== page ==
HIV/AIDS: the epidemic is far from over

Nicole F. Anderson, News and Co-Managing Editor


The human immunodeficiency virus (HIV) and acquired immunodeficiency virus (AIDS) claims lives by the hundreds of thousands and wrecked entire communities. Though the most devastating number of casualties happened in the 1980s and 1990s and the epidemic is not what it once, the problem is far from over.

Since 1981, there have been 940 thousand people whom have died from AIDS-related diseases globally and 36.9 million people whom are still living with HIV/AIDS. An estimated 5,000 new people are being infected daily as of 2017.


There is an estimate that 45,000 people live with HIV or AIDS in Illinois and of that number, approximately 23,835 live in Chicago. While there are certain neighborhoods with higher numbers of people living with HIV/AIDS, the disease affects the whole city.  According to AIDS Vu, there is not a neighborhood in Chicago that didn’t have less than 100 people living with HIV or AIDS residing in it as of 2016.


Black and Latinx men are at a higher risk for contracting HIV than their white counterparts. According to the AIDS Vu organization, their 2016 report stated 53.3 percent of black men, 20.5 percent Hispanic/Latinx men and 23.2 percent of white men were living with HIV in Chicago.

The City of Chicago completed a survey on residents and found that in 2017, there were 752 new HIV diagnoses and 337 new AIDS diagnosis, a slightly lower number than the 824 of new HIV diagnoses reported in 2016. While it appears the numbers of new reported HIV and AIDS diagnoses seem to be decreasing, the number of people living with HIV/AIDS is still high.

However, the reports of women in Chicago living with HIV/AIDS have been growing. In 2016, 18.5 percent of the Chicagoans living with HIV or AIDs were female. The percentage of black females living with HIV were 11.4 times higher and Hispanic/Latinx females living with HIV were 3.3 times higher than white females living with HIV.

There aren’t any cures for HIV/AIDS, but there are effective treatments for HIV, known as antiretroviral therapy (ART), which helps prolong their lives. There is also preventative medication for HIV exposure, Pre-Exposure Prophylaxis (PrEP). This medication can help prevent HIV in those who have not been exposed to the virus.  

Even in 2019, there are still people whom have a lot of misconceptions and misunderstandings about contracting HIV/AIDS and people who live with the disease. For starters, HIV and AIDS are not the same thing, even though people, publications and organizations pair them together.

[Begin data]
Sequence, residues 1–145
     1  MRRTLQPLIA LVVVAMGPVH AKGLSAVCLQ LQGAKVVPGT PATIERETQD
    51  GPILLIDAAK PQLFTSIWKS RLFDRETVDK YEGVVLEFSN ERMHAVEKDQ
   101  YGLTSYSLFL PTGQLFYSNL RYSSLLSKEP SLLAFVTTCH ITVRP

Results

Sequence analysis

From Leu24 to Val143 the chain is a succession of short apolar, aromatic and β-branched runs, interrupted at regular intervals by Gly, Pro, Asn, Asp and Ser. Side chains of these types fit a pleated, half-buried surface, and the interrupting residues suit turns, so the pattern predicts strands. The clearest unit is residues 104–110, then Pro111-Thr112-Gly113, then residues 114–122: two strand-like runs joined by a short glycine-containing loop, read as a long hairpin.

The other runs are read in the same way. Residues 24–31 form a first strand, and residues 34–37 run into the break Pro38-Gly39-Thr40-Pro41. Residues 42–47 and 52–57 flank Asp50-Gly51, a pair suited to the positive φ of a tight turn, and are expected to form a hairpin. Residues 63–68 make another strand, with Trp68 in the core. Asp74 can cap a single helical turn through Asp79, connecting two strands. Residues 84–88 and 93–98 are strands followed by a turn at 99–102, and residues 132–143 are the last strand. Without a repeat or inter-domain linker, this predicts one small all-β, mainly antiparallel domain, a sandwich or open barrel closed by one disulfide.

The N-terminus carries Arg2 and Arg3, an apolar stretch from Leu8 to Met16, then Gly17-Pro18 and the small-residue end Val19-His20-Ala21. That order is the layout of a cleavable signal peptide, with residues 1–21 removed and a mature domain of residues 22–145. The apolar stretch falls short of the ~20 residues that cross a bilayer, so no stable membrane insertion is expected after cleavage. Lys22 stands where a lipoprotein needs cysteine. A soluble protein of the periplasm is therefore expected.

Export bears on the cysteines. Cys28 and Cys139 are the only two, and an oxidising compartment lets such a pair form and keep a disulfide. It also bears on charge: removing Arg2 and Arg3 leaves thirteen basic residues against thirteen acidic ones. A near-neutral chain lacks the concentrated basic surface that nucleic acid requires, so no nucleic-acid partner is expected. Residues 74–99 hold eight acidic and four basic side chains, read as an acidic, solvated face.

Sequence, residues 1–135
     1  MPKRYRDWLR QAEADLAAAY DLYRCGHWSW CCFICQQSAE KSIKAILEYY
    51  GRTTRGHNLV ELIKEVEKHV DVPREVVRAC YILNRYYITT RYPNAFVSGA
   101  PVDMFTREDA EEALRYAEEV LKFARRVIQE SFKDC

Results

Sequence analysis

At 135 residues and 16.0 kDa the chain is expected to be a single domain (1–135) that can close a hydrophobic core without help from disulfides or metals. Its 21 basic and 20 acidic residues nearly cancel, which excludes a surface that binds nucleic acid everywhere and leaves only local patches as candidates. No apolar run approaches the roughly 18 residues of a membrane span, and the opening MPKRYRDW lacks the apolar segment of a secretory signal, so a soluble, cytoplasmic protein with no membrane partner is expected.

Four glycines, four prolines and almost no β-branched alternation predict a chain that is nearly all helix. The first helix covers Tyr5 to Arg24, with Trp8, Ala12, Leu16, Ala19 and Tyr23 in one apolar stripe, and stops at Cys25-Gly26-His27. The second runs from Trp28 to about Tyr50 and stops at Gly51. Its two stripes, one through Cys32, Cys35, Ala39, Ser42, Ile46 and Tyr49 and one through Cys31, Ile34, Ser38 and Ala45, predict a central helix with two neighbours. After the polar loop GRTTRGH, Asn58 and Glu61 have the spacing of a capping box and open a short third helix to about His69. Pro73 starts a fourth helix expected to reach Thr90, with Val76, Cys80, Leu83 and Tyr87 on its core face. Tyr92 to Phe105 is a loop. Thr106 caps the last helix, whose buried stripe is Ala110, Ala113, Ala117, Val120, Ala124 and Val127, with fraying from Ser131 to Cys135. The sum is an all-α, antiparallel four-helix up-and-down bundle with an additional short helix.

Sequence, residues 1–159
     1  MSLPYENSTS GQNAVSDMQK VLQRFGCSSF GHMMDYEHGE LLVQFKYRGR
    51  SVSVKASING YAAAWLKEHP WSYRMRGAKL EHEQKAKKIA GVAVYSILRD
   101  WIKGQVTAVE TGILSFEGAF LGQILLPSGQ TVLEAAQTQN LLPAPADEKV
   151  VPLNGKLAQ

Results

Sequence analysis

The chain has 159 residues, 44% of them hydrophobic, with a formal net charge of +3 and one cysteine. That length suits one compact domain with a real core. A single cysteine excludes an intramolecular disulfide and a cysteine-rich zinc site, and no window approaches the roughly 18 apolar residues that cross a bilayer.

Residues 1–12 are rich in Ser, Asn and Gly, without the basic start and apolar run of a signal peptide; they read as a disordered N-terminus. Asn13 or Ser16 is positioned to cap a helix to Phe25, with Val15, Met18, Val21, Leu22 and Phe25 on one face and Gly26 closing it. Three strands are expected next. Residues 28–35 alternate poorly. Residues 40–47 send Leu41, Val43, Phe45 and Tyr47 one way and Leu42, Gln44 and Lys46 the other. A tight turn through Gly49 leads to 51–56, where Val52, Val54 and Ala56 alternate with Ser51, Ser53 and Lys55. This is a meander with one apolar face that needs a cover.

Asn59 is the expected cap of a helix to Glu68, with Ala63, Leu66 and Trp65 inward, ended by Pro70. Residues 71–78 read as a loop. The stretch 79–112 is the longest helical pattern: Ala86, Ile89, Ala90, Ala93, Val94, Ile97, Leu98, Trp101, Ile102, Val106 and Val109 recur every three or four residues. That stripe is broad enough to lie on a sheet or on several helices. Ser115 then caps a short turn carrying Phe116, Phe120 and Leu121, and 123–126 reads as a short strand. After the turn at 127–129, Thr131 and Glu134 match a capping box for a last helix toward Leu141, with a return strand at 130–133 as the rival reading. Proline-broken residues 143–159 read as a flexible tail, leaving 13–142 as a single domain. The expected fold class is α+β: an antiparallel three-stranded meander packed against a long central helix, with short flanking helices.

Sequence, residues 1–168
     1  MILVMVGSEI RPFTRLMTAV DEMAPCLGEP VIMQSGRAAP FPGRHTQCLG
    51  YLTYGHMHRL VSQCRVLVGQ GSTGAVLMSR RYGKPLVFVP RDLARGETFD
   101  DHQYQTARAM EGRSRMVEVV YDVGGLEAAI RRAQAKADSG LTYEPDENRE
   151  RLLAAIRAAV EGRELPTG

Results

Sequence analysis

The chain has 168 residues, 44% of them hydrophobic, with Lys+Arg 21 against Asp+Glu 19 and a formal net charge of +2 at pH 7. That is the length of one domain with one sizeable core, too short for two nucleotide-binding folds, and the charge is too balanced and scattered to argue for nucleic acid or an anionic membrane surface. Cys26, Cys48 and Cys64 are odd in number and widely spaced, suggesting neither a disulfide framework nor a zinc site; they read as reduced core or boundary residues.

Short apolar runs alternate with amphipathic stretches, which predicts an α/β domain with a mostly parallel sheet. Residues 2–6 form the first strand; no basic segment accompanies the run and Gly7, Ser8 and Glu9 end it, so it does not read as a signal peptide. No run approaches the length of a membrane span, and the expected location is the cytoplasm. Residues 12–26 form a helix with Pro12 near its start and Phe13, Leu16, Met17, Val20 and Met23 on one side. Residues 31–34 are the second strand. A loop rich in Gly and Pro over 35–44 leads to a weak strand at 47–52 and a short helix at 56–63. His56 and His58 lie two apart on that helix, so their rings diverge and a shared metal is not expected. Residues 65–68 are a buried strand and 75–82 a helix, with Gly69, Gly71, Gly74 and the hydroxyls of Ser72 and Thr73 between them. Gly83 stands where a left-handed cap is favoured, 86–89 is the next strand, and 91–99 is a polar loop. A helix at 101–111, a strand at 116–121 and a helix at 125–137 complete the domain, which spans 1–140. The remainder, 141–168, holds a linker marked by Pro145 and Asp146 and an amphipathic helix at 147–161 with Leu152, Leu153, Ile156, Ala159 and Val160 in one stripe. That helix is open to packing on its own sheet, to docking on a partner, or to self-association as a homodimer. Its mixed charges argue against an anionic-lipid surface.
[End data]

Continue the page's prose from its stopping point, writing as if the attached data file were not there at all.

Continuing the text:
In a nutshell, HIV is the virus that a person contracts, which over time destroys the CD4/T Cells, which are the cells that help the body ward off infections. Whereas, AIDS is the disease that is caused by the permanent damage HIV does to the body’s immune system. AIDS is the most extreme stage of HIV, causing dangerous bacterial and viral infections to wreck more havoc on the body, which leads to eventual death.  Not all HIV positive people have AIDS and not all HIV positive people will get AIDS. With the medication and treatment currently available, HIV doesn’t automatically mean it is a death statement.

HIV is carried in semen, vaginal fluids, anal mucus, blood and breast milk. Unprotected sex isn’t the only way HIV is transmitted, there are others such as: an HIV positive mother vaginally giving birth to a baby; sharing needles or syringes to inject drugs, receive tattoos or piercings; getting pricked by an infected needle; or having HIV positive blood, semen or vaginal fluids get into an open wound or sore on your body.

Before the 1980s, blood in blood banks and hospitals were not screened for HIV or AIDS, which caused many people to contract the virus in that way. Currently in the United States, receiving a blood transfusion is safe.

HIV cannot be transmitted via saliva, tears or sweat. This means it is impossible to get HIV by kissing; hugging; sharing drinks or foods; using someone’s eating utensils; holding hands; coughing; sneezing; or using a public toilet seat.

The best ways to prevent the transmission of HIV is to practice safe sex, get tested regularly, not share needles, go to reputable tattoo and piercing shops and talk to your doctor about PrEP.